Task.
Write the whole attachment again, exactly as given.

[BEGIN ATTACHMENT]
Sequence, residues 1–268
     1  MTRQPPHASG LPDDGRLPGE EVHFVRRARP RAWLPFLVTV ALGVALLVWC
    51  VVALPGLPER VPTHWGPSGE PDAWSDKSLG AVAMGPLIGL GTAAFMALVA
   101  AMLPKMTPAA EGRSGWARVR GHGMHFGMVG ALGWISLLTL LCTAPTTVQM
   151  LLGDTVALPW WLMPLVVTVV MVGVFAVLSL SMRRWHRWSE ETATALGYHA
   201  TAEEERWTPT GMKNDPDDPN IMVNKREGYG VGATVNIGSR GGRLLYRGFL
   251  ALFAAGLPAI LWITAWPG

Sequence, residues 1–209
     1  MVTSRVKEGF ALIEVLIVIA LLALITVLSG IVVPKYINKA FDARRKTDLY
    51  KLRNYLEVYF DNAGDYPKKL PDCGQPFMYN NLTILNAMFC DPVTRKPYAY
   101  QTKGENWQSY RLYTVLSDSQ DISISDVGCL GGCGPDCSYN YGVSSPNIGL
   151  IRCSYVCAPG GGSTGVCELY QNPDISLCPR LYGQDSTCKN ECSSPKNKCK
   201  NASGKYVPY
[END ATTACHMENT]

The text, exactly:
Sequence, residues 1–268
     1  MTRQPPHASG LPDDGRLPGE EVHFVRRARP RAWLPFLVTV ALGVALLVWC
    51  VVALPGLPER VPTHWGPSGE PDAWSDKSLG AVAMGPLIGL GTAAFMALVA
   101  AMLPKMTPAA EGRSGWARVR GHGMHFGMVG ALGWISLLTL LCTAPTTVQM
   151  LLGDTVALPW WLMPLVVTVV MVGVFAVLSL SMRRWHRWSE ETATALGYHA
   201  TAEEERWTPT GMKNDPDDPN IMVNKREGYG VGATVNIGSR GGRLLYRGFL
   251  ALFAAGLPAI LWITAWPG

Sequence, residues 1–209
     1  MVTSRVKEGF ALIEVLIVIA LLALITVLSG IVVPKYINKA FDARRKTDLY
    51  KLRNYLEVYF DNAGDYPKKL PDCGQPFMYN NLTILNAMFC DPVTRKPYAY
   101  QTKGENWQSY RLYTVLSDSQ DISISDVGCL GGCGPDCSYN YGVSSPNIGL
   151  IRCSYVCAPG GGSTGVCELY QNPDISLCPR LYGQDSTCKN ECSSPKNKCK
   201  NASGKYVPY